The head halter’s purpose is to give the handler control over the dog’s head and muzzle so they may train it to give the desired response. Instead of punishing bad responses, training’s objective is to promote and reward right answers. Numerous ways the head halter improves control. A forward and upward pull on the leash will cause the dog’s mouth to close, and he or she will naturally draw backward and downward into a sit because dogs have a natural tendency to pull against pressure. The owner can therefore draw the leash up and forward, look the dog in the eyes, and elicit the proper response if the sit command is given and the dog does not immediately respond. The constraint is lifted as soon as the dog sits or even starts to sit, and the dog is given praise.

If the “bad behavior” occurs again, the order, pull, and release should be promptly repeated. If the dog behaves properly, positive reinforcement (treats, pats, and play) should be given. An upward and forward pull can be used to immediately and successfully restrain barking, jumping up, play biting, stealing objects, or tugging and lunging using a leash and head halter. Another effect of the head halter is that “the head follows, the body goes.” By just shifting the dog’s direction, many actions can be prevented or stopped because the halter controls the head.

Finally, and perhaps most importantly, the head halter should not surround or tighten around the dog’s lower neck when the owner is trying to train them. Some head halter brands are made to be worn all the time by the dog when the owner is at home, just as neck collars. For remote control, a lengthy indoor lead can be left attached. You can stop the dog’s undesirable behavior as soon as it starts by directing it to conduct the desired action instead ” (“sit, “down, “quiet). Likewise, if you give the dog an order and he doesn’t comply, you may always coax him into complying if the halter and leash are fastened.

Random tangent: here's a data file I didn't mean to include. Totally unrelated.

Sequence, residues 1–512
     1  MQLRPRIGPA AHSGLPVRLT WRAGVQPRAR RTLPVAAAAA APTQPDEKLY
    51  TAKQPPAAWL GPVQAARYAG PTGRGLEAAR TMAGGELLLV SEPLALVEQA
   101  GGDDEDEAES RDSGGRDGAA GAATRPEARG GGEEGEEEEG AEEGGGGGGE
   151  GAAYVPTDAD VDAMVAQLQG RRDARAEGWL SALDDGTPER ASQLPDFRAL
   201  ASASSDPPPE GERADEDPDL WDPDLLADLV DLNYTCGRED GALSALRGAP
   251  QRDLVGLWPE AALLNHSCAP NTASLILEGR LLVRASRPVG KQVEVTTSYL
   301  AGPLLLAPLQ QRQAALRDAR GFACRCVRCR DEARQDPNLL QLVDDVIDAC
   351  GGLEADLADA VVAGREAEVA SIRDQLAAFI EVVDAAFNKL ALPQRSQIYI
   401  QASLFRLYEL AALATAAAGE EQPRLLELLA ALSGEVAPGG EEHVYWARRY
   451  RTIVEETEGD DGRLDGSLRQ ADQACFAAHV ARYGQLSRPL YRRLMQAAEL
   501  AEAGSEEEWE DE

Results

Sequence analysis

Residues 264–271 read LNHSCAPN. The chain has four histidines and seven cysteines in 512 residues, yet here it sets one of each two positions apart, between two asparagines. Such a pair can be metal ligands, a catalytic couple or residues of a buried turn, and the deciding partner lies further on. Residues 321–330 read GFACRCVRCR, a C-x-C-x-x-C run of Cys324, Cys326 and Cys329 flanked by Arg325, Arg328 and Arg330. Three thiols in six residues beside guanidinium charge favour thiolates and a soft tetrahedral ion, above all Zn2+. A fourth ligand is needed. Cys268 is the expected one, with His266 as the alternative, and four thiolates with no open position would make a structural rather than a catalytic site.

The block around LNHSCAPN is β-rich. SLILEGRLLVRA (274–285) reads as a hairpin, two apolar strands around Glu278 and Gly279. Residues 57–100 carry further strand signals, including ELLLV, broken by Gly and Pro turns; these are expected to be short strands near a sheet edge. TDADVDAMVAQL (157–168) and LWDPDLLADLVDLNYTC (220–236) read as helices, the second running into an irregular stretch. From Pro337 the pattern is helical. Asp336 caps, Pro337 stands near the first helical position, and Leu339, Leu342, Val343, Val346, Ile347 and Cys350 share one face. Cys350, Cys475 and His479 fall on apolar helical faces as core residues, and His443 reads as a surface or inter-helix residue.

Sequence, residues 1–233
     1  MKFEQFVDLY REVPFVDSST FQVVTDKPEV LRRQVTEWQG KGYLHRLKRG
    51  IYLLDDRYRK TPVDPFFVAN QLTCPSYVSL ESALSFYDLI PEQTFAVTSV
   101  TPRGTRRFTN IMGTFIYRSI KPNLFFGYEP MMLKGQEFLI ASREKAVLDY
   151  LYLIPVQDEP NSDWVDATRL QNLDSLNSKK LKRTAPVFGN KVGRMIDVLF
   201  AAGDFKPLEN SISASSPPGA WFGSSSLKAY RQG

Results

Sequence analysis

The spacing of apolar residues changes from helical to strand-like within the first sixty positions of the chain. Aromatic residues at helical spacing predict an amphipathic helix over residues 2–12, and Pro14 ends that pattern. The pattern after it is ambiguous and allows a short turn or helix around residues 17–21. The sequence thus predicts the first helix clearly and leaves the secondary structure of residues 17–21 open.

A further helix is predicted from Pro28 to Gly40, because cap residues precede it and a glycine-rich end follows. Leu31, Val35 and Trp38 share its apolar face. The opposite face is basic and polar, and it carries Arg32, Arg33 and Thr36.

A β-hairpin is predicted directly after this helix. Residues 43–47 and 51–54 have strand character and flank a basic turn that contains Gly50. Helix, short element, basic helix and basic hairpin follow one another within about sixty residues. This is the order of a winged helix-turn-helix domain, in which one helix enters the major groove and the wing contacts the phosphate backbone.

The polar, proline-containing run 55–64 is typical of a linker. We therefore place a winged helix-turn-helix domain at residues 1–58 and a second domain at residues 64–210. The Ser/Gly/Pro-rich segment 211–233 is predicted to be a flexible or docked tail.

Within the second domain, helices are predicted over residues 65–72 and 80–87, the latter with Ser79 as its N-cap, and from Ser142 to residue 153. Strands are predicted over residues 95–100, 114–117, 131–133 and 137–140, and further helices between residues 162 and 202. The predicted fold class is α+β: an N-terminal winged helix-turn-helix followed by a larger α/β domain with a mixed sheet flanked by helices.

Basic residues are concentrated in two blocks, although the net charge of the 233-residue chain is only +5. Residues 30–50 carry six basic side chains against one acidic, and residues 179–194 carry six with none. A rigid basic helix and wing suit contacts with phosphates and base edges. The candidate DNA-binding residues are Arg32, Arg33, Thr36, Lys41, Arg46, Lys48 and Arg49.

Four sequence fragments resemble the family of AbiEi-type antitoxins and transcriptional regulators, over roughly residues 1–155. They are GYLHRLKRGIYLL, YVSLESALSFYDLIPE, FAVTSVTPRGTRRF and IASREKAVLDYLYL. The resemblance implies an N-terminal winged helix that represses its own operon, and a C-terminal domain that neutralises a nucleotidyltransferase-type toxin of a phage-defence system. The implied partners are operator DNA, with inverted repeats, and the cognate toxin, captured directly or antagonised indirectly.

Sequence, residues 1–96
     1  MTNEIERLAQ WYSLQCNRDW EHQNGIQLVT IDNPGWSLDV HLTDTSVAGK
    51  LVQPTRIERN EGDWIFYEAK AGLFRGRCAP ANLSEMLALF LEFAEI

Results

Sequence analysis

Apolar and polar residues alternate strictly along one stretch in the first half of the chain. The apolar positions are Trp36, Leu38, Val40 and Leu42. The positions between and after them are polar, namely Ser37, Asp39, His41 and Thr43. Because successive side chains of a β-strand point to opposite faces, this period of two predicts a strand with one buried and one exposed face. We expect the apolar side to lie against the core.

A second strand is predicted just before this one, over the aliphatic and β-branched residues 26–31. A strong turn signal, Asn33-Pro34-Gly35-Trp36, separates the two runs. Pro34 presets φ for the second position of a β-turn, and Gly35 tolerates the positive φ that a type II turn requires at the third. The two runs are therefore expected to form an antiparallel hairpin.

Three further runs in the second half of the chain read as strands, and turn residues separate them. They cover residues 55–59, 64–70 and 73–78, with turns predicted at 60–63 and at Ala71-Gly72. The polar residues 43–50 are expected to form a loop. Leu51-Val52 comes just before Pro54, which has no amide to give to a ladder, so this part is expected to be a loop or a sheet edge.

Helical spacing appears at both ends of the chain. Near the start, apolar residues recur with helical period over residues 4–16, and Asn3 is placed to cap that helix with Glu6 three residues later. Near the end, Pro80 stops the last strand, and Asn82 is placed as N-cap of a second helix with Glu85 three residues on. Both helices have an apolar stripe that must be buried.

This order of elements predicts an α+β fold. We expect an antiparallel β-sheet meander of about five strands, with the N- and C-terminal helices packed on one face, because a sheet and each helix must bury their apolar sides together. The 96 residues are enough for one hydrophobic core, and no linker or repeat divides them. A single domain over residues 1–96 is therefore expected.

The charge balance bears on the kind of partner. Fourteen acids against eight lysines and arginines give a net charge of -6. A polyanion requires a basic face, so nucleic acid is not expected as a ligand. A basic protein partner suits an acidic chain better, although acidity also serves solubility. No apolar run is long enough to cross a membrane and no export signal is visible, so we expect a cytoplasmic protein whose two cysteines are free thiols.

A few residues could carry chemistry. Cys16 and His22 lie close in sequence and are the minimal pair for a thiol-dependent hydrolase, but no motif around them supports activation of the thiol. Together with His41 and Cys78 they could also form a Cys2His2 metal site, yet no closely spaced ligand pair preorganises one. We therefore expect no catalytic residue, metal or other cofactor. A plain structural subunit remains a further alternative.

Now that I have more control, what else do I need to do?

Continuous control until you can consistently achieve the desired behaviors is frequently the key to taming an unruly dog and making him an acceptable pet. The dog should be on a leash to make this the easiest (attached to a body harness, non-choke neck collar or head halter). This enables you to quickly stop bad behavior and impart the proper lesson to your dog. Leash removal is possible if your dog stops performing the unpleasant behavior and obeys verbal directions regularly. Restructuring the surroundings so that the uncontrolled behavior cannot occur or is immediately interrupted is a crucial part of taming an unruly dog. This can take many different forms, such putting the dog on a leash so that it can’t run through the house, locking doors to other rooms, and restricting the dog’s access to unattended locations. Create scenarios and only interact with the dog in a positive way to get it to do what the owner wants.